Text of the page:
I walk around the campus half the morning, blending in perfectly — nobody pays any attention to me. I stop by the college bookstore and impulsively buy a book on sign language. It has never occurred to me until now that I could learn sign language the same as anybody else, even though I’m not deaf. I’m not really as excluded as I thought I was. I buy my lunch and eat it under a tree, skimming through the book to try to assess just how difficult it’s going to be.
In the afternoon I walk from one end of the campus to the other and back again. No matter what time of the day, it seems there are always lots of people walking around. I’m wondering how I’m going to find Shane in all those people when, as if I'd conjured him up out of my imagination, I see him walking toward me from about fifty yards away, wearing the red jacket that I recognize. Suddenly terrified at what he will do when he sees me, I duck behind a large maple tree, like an assassin. I peer from behind the tree, watching him as he gets closer. He passes within ten yards without seeing me and still I don’t make my move. Then I’m looking at his back as he’s walking away from me.
I start to run after him and then stop short: a man has detached from the crowd and is going toward Shane. I watch as they meet and smile and, standing close together, begin to move their hands in their own language that is still as unknowable to me as ancient Egyptian. From where I’m standing, I can see that this man is as beautiful as Shane but in a different way. He’s blond and broad shouldered, the athletic type. He and Shane look as if they belong together.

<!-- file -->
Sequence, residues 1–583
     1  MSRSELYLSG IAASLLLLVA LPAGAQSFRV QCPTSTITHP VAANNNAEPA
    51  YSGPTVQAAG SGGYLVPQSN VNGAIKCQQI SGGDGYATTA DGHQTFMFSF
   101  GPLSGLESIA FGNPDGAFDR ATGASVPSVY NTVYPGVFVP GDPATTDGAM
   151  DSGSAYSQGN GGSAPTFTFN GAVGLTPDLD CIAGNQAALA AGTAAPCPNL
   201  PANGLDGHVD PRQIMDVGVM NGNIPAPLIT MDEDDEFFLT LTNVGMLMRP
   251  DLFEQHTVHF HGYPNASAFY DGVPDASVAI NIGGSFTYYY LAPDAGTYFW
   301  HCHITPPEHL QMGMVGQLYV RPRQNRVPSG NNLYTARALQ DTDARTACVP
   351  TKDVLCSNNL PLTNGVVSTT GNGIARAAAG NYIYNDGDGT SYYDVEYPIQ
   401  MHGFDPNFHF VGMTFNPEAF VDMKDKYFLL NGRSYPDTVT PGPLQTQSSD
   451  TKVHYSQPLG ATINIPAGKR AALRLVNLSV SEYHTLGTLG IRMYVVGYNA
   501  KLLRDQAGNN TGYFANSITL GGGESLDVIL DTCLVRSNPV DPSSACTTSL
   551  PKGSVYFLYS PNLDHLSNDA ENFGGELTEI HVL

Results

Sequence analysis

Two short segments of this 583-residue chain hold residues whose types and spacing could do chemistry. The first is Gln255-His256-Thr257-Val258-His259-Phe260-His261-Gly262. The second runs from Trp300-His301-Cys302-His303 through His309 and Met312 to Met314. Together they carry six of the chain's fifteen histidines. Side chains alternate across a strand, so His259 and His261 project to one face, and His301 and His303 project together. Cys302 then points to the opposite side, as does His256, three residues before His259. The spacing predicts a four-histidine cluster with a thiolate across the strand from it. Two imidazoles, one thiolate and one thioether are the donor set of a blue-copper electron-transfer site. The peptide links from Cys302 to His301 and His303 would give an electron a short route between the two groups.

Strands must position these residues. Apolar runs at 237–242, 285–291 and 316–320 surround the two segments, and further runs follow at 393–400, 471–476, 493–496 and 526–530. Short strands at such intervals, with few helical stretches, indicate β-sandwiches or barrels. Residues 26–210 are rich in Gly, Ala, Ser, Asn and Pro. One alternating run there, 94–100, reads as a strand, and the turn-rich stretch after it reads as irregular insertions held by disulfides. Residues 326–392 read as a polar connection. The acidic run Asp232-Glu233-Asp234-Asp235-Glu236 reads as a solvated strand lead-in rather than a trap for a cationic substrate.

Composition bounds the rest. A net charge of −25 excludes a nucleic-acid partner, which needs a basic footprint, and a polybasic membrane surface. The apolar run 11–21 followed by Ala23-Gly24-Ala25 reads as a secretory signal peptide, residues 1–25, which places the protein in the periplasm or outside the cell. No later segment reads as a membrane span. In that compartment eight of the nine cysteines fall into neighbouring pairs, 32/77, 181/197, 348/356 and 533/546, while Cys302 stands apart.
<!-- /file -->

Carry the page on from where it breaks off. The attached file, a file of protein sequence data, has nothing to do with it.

They leave the campus and begin walking down the street shoulder to shoulder. I remain behind them about half a block. If either of them turns around, I can easily duck out of sight.
After about four blocks, they go into a restaurant. Across from the restaurant is a little grassy area with a bench facing the street. I sit down there and stare at the entrance to the restaurant, imagining Shane coming out alone, seeing me sitting there, crossing the street to me with a welcoming smile. I indulge in this sweet fantasy for as long as I can bear it and then I open the book and begin teaching myself sign language. I’m going to learn a couple of phrases so that when Shane comes out of the restaurant I can go to him and tell him — in his own way — what this thing that’s tearing me apart is called. The time for doing nothing has passed.
Kopp lives in St. Louis, Missouri, USA, with
his two cats, Tuffy and Cody. His fiction has appeared in Skive
Literary Magazine, Short
Story America, Superstition
Review, Black Lantern
Publishing, A Twist of
Noir, Abandoned Towers
The Legendary, Danse
Macabre, Best Genre
Short Stories Anthology #1, Berg
Gasse 19, ISFN
Anthology #1, Santa Fe
Writers’ Project Journal, The
Fringe Magazine, Pulse
Literary Magazine, Corner
Club Press, Bewildering
Gothic, and many others.
Author contact | Wilde Oats Page
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My room is an irregular-shaped space at the end of the hall with one window overlooking the athletic field. There are only two singles per floor, and I had to pay a little extra but it was worth it to me to be alone. I never have told my parents that my room cost more than the other rooms.